MD: I think that it depends on the song really. I think certain songs, I mean definitely all the songs have a deep meaning to us, but depending on the song, yeah, definitely. In music there’s so much negativity and being put down, so we just kind of want to make a lot of positive messages in our song.
MB: It also reflects off our life and our adventures together.
MD: We’ve been through a lot as a band, so basically that and we’ve been able to stay together and get through all the “B.S.” and a lot of those lyrics relate to our life story and our adventure as a band.
BTR: What kind of “B.S.”?
MB: I mean, it’s a lot; anything from getting put on a bad spot on a show or broken promises from management or record labels, whatever the industry has to offer. Wild goose chases where you get promised and nothing comes out of it and you get let down in the end.
BTR: Is that why you guys named your debut EP “Forever Strong”?
EJ: Yeah, I’d say that. We really liked that lyric a lot.
BTR: Speaking of the EP, what was the recording process like for it?
MD: For “Forever Strong” I’d say every song has a different approach…
EJ: Yeah, what was our first song for the EP and we wrote it in the studio with Christian Medife. We pretty much wanted a concept of literally beginning and defining The Classic Kids.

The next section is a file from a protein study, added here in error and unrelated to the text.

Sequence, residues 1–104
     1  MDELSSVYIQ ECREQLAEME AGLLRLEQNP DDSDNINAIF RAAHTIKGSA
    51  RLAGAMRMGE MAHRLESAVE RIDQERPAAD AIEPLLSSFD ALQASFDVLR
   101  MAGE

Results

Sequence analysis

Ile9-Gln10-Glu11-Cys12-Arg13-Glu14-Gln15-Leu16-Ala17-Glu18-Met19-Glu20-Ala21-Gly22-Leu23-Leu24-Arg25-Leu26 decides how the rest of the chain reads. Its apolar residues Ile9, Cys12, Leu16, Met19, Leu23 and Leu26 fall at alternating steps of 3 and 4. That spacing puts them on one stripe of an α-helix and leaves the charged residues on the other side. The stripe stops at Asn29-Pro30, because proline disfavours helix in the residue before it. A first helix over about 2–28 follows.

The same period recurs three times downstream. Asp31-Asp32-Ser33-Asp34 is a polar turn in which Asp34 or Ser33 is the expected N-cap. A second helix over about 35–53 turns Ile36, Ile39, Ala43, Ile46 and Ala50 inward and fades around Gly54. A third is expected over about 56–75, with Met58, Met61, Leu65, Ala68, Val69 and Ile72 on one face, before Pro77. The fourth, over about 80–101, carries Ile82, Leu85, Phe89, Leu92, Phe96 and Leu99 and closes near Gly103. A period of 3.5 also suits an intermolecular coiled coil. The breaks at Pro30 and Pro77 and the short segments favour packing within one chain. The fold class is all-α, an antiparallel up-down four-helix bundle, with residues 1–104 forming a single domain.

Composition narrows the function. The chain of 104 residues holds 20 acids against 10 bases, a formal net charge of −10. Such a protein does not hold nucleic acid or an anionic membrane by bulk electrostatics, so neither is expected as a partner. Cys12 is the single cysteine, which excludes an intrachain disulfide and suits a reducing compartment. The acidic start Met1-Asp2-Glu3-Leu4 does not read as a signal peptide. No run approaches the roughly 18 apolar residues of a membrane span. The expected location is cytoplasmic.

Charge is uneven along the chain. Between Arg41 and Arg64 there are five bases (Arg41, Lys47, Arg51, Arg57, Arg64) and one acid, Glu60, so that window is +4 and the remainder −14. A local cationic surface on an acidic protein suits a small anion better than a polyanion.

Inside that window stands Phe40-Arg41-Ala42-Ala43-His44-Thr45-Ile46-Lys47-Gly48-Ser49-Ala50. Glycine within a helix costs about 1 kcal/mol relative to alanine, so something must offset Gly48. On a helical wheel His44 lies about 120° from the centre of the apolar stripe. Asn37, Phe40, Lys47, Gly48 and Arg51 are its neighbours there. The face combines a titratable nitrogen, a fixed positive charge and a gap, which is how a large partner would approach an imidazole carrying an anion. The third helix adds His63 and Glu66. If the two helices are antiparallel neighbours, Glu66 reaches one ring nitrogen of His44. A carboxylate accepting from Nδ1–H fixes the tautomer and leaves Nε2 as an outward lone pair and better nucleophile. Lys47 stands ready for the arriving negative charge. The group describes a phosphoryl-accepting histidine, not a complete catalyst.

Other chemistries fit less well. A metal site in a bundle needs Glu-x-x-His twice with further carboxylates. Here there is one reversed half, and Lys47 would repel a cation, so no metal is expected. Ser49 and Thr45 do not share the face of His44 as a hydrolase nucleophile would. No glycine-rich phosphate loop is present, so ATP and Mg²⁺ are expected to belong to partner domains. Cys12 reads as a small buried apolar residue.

MB: “Drive” was something we brought in from our home studio. We fleshed it out a lot there, and same with “We Had it All.”
EJ: [Laughs] We’re taking a huge trip down memory lane here. It was done over the course of about a year and we have several songs that didn’t make the cut. We had to choose between ten songs or something like that.
MB: I think like sixteen.
EJ: We’ve written a lot of songs and tried to pick out ones we really felt fit together and we might release some of the other ones in the future. We’re not sure yet, but these are the ones that made the cut for the first EP.
BTR: So it sounds like you guys have multiple studios that you use?
EJ: Yes. Our guitarist Matt has a home studio right near his apartment. We do a lot of work there. He also has a portable setup too that he likes to bring around and do some recording at my place. We have like a home studio. But we do the bulk of the song writing in the studio with Christian Medife.
MG: Yeah, he has a huge influence on the songs as well.
BTR: Any particular track on the EP that stands out for you guys as especially emotional or vulnerable?
MD: I think it’s probably different for each of us, but for me personally I think “Drive” and “We Had It All” definitely are songs of vulnerability, and lyric-wise definitely the most vulnerable song, or two songs, we’ve ever written.
BTR: And what do you guys have coming down the pipeline?
EJ: Well, actually, there’s a lot in the works right now. We got a lot of offers and we’re kind of just taking our time to figure out how we want to proceed. Right now we’re writing a lot, so we really want to flesh out a nice secondary tape. We’ll actually be in the studio almost an entire month soon, doing some fresh songs. And we have some shows lined up for May, one in New York City at The Bitter End on May 14th! And then touring and getting out there…music videos and all that jazz.